How Twitter Led to a YouTube Series Getting Captioned and Translated into 16+ Languages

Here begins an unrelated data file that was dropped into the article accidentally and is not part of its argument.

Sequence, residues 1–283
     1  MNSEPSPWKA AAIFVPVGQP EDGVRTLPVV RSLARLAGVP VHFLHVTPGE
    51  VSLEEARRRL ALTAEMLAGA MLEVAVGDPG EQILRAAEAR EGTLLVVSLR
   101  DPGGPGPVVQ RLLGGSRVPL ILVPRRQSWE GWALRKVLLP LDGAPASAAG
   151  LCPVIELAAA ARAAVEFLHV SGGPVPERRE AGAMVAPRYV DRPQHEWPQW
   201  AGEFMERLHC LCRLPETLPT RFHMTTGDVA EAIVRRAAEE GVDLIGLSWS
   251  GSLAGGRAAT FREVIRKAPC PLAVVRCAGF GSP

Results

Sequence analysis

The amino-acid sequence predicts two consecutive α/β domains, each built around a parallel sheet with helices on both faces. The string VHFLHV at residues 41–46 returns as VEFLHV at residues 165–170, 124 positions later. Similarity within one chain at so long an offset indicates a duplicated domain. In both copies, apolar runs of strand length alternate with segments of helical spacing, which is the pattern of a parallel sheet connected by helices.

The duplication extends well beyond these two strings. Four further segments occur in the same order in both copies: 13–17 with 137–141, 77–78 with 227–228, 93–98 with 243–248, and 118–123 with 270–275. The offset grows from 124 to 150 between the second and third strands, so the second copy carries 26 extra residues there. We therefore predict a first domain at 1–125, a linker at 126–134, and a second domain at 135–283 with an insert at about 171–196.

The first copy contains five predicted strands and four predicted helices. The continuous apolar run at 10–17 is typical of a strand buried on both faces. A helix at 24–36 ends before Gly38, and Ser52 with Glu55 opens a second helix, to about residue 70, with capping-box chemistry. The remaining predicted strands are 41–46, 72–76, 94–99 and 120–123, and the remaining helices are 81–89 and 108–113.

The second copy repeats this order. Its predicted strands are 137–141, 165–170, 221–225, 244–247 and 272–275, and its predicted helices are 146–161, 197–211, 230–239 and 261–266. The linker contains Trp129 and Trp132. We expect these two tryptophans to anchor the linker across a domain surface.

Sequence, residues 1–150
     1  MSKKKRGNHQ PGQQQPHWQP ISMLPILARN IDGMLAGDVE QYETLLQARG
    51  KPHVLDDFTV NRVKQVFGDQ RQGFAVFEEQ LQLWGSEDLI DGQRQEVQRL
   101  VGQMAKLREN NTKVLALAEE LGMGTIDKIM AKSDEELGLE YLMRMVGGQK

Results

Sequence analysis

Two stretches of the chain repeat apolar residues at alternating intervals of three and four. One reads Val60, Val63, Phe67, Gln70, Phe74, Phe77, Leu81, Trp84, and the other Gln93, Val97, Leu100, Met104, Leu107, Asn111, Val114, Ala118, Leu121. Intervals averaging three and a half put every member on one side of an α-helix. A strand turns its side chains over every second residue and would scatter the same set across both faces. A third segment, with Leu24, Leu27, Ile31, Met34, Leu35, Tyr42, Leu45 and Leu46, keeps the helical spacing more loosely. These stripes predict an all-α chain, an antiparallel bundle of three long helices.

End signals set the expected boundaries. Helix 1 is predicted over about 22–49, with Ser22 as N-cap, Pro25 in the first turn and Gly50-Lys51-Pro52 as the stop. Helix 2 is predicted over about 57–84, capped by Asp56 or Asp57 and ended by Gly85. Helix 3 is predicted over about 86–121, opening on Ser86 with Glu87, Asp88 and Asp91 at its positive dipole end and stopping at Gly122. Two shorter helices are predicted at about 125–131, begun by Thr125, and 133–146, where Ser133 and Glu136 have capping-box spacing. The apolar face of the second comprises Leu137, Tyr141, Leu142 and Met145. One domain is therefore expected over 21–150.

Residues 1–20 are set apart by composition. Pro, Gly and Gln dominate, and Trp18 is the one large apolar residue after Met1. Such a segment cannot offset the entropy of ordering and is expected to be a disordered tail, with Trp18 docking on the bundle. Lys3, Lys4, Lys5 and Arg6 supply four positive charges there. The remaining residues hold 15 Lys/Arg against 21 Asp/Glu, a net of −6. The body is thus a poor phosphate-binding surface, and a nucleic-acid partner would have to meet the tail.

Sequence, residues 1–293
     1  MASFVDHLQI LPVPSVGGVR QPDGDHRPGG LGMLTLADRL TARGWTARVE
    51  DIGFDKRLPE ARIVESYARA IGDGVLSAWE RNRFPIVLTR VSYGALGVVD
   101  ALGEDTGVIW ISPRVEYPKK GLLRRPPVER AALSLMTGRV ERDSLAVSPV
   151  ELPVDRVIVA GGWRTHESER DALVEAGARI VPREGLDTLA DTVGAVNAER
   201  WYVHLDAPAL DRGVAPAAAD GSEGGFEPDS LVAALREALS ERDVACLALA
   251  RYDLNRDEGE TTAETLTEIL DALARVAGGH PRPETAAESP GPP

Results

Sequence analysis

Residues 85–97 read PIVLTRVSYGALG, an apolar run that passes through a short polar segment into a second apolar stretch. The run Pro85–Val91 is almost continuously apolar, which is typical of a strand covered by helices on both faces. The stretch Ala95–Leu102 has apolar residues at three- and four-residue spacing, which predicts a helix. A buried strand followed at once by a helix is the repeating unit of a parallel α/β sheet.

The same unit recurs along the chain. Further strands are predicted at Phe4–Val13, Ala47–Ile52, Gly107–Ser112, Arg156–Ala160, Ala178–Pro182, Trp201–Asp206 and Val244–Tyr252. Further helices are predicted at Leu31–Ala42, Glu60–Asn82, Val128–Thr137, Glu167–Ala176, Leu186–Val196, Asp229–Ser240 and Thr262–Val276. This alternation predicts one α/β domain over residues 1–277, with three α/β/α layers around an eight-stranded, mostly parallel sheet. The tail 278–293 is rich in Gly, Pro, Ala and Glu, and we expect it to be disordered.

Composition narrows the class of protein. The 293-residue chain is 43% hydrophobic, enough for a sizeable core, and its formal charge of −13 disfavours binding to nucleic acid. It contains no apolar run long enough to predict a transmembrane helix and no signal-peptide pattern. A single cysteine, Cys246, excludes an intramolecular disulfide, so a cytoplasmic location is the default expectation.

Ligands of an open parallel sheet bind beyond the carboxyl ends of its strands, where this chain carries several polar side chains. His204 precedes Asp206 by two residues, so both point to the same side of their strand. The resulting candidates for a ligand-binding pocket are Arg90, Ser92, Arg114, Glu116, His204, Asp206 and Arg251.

first_imgIt all started when I read the tweet from Troy Hunt (known for the Have I Been Pwned website) announcing his new video series on setting up HTTPS.Just flagged all the videos on https://t.co/vyx7XUF5tT as Creative Commons – enjoy! https://t.co/4b0kIbr7Ms— Troy Hunt (@troyhunt) June 28, 2018In four short videos (around five minutes each), Hunt explains how you can add an SSL certificate to your website for free, using Cloudflare. Here’s the first video in the series:What Happened NextI watched all four of the HTTPS is Easy videos. They’re straightforward and Hunt’s explanations with screenshots makes it easy to understand what steps you need to take to add HTTPS to your site using Cloudflare.Kudos to Hunt on publishing the videos, especially since he made them Creative Commons licensed.I replied back to him on Twitter, thanking him for the helpful short videos. Excellent! Thank you for these videos, Troy. I noticed captions haven’t been added to the videos, and autocaptions, are, um, not the best. If you turn on community contributions, I’d be happy to add captions to the videos. Here’s how https://t.co/DKi9hCxy15— Deborah Edwards-Onoro (@redcrew) June 30, 2018Hunt was open to the idea of getting the videos captioned.He quickly enabled the option for community contributions for all the videos.Let’s Add Captions!I began work on creating the English captions for the first video. Overall, not a difficult task since it was a short video. In addition, Hunt spoke clearly and slowly, making my job easier. I submitted my captions for approval (all video owners authorize adding community contributed captions and translations).YouTube message confirming community caption contributionAfter he approved and published the captions for the first video, I started work on adding English captions to the second video in the four-part series.Big shout-out to @redcrew who has gone and made a community contribution of captions to the first video in the HTTPS Is Easy series. I’ve just published her contribution, I hope it makes HTTPS more accessible than ever! https://t.co/lrQerPx3jZ— Troy Hunt (@troyhunt) July 4, 2018And that’s when the idea of community contributions for captions and translations took off. The Community Gets InvolvedPeople throughout the Twitter community jumped in to offer their help to translate the captions to other languages.I just submitted a Swedish translation for review of the first video. Will continue working on the others asap.— Ludwig Johnson (@ludwig_johnson) July 9, 2018Started working on the Dutch translations last week, had to take the weekend off but I’ll finish them (first video) today.— Tom Udding (@tomudding) July 9, 2018Do you have a Spanish Translation? I can translate to Spanish if you want.— Daniel Beato López (@dbeato) July 10, 2018I’ve just submitted Indonesian for review. I use @AmaraSubs to meet subtitle standardization, words count per line for easy reading— Dwi (@_dwirianto) July 9, 2018Adding french captions ATM 🙂— Calan (@Calan94) July 10, 2018Ludwig Johnson, who added the Swedish captions for the first and second videos I captioned in English, noticed that the third and fourth videos didn’t have English captions yet. So he added them. Finished part 2 for Swedish as well. However, as I was going for part 3, there was no English CC. So I decided to make one. And one for part 4 as well. I hope it will help to make this great series of videos available in even more languages!— Ludwig Johnson (@ludwig_johnson) July 9, 2018It was so cool to read on Twitter how Hunt appreciated everyone’s help!And how he encouraged others to contribute.So impressed with the efforts of the community, we now have closed captions on my “HTTPS Is Easy” series in English, Dutch, German, Norwegian, Finnish, Italian, Czech, Polish and Indonesian. Sensational effort! https://t.co/NEnVyhx4Yb— Troy Hunt (@troyhunt) July 10, 2018You might be wondering why HTTPS on your website is important. Read on. Why You Should Care about HTTPSA secure connection using HTTPS helps protect website visitors from content spoofing and content injection. In others words, using HTTPS on your website is making the web safer for everyone.With Chrome 68 planned for release this month (July 2018), all websites that don’t use an HTTPS connection will display a warning in the browser that the connection is not secure. Website owners who haven’t already taken the steps to add and configure an SSL certificate for their site are now faced with making their site secure.And they need to do it quickly, before their site displays with the “not safe“ message in the browser address bar. Thanks for the HelpHunt’s videos on getting HTTPS set up on a website are timely and exactly what many website owners need. What fun to kick off getting captions and translations rolling on such a useful video series! Oooh, so glad to see all the other languages. And I see someone has already added captions for part 3 and 4. Glad to have been a part of this and to get it started!— Deborah Edwards-Onoro (@redcrew) July 12, 2018Hunt sent me a thank you for my help in getting it all started. Yep, you rock, thanks for kicking it off!— Troy Hunt (@troyhunt) July 12, 2018My pleasure! I was happy to help others learn how they can make community contributions to YouTube videos.Share this:Click to share on Twitter (Opens in new window)Click to share on Facebook (Opens in new window)Click to print (Opens in new window)Like this:Like Loading…RelatedSeptember 28, 2018 Weekly Roundup of Web Design and Development NewsIn this week’s web design and development news roundup, you’ll learn about the user experience of personal banking websites, find a link contrast checker tool, discover reusable transferable templates in Gutenberg, and more. If you’re new to my blog, each Friday I publish a post highlighting my favorite user experience,…In “Web design & development links”10 Ways to Improve Accessibility on Websites and Social MediaWhen I chatted about accessibility with other attendees at WordCamp Denver 2018 this weekend, I shared some of my tips and blog posts on how they could improve accessibility on their websites. After one conversation, they thanked me for the recommendations, and asked if I had a summary post that…In “Accessibility”How You Can Allow Other People to Add Captions to Your YouTube VideosIn July 2018, I wrote about how my one tweet led to Troy Hunt’s YouTube HTTPS series getting translated into 16+ languages. I kicked off getting the series captioned by asking Hunt to enable YouTube community contributions. Once he turned contributions on, I added English captions to the first two…In “Accessibility”last_img read more